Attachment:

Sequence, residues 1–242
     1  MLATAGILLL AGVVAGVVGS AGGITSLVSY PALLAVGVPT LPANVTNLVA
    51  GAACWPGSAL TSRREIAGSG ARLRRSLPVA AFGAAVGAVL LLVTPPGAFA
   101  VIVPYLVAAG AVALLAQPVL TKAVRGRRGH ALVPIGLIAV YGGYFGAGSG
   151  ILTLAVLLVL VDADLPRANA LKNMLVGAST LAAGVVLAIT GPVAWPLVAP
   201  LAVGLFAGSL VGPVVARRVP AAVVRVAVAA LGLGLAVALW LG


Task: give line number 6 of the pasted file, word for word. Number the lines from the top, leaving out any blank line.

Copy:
   201  LAVGLFAGSL VGPVVARRVP AAVVRVAVAA LGLGLAVALW LG